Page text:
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Keeping a Job

Find out what you need to know to keep a job. Learn how to be more professional, manage your time well, develop good organizational skills, and communicate effectively on the job.

Be Professional and Adaptive

Adapting to new situations is part of being professional.  Strong adaptive skills will help you keep a job once you've found it.  Take this adaptive skills "checkup" to see where you might need improvement.

Have you ever wondered why people lose their jobs? At first you might think that most people are fired because of "downsizing" or because they don't do their job very well. However, the reason most employers give for firing employees is that they behave unprofessionally in the workplace. Having strong adaptive skills (the ability to relate well with others and handle new situations) will help you improve the chances of keeping a job once you have found one. 

Research also shows that non-disabled people often connect the behavior of disabled people to their disability. Isn't it silly that a coworker may attribute your "less than courteous" reply to a request for help as being the result of your visual disability? Couldn't you just be having a bad day? However, this social phenomenon does happen. While you cannot be responsible for the misconceptions of others, you can be responsible for your own behavior.  Practicing professional and adaptive behavior, even when you may not feel like it, is the best way to get along well with coworkers and keep a job.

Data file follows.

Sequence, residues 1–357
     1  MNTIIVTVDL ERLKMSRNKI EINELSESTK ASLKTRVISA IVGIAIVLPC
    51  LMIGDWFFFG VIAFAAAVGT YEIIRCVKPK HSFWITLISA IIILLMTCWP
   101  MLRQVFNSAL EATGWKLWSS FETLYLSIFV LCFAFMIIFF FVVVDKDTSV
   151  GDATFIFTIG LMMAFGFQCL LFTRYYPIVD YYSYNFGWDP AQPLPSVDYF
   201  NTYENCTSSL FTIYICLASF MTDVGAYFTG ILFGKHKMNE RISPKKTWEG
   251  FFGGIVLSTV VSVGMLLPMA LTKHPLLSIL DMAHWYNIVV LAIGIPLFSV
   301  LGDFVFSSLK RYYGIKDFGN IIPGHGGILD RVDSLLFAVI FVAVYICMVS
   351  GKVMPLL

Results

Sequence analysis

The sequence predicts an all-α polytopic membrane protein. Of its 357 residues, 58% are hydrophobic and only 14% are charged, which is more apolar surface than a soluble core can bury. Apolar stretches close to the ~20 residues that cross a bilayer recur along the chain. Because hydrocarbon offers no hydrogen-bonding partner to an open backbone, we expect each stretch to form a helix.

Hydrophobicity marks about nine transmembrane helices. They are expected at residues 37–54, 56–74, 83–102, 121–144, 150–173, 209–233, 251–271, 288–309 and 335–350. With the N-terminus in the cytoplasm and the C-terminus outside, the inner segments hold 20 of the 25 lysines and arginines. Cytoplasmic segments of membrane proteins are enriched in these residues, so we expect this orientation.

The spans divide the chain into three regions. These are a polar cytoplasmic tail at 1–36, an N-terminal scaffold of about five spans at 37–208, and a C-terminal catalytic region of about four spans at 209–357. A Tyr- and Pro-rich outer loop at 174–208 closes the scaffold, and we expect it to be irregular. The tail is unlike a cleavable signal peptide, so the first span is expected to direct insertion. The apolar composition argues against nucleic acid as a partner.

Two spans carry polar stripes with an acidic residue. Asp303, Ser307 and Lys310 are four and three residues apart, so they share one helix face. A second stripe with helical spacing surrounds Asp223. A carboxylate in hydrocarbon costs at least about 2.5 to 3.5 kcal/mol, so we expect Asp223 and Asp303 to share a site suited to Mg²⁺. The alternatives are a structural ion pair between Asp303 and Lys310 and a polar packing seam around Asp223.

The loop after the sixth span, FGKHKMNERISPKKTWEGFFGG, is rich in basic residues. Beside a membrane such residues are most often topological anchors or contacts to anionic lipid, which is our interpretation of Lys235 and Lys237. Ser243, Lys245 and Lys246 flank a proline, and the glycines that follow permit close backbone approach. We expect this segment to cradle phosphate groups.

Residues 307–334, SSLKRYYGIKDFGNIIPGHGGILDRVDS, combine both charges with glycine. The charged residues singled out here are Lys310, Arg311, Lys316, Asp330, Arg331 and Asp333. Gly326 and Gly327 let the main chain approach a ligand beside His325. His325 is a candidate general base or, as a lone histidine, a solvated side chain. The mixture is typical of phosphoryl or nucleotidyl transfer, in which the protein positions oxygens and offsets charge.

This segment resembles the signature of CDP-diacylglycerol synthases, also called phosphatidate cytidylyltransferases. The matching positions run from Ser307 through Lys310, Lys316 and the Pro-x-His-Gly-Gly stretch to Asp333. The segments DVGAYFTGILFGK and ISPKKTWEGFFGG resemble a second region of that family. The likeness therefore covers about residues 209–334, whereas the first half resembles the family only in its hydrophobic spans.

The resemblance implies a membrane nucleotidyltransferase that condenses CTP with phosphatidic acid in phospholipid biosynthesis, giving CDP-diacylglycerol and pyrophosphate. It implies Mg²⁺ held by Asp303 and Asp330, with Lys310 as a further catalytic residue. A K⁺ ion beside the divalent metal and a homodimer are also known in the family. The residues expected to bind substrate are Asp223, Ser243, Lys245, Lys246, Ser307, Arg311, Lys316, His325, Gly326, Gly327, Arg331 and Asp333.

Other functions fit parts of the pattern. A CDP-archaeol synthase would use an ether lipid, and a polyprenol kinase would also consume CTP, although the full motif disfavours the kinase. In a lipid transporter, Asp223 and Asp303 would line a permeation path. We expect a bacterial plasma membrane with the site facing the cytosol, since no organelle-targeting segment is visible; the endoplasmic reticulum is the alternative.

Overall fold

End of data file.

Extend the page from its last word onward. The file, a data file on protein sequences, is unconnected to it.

Give yourself an adaptive skills "checkup" by asking yourself the following questions:

  • Do you show a positive attitude to your boss, coworkers, and subordinates?
  • Do you pay attention to the political and economic factors that impact your organization or company?
  • Do you stay current with new technology?
  • Do you let others know that you are open to compromise?
  • Do you listen to others and try to consider their viewpoint? 
  • Do others want you to work with them on a team?
  • Do you show each day that you are dependable?
  • Do you appear open to change?
  • Do you show that you are willing to learn new skills?

If you answered "No" to any of the above questions, you may want to consider improving some of your adaptive skills. Your blind services counselor will be glad to help.  Give them a call.

Be Punctual

It is important to arrive at work on time. Many people with visual disabilities rely on public transportation to travel from home to work. However, trains and buses do not always stay on schedule. It is a good idea to let your supervisor know when you plan to arrive at work and provide them with a "backup time" should your transportation run late. If you know you are going to be late because of transportation issues, a phone call to your boss will reassure him or her of your professionalism.  It is also good to have a backup plan in case your regular transportation should fail.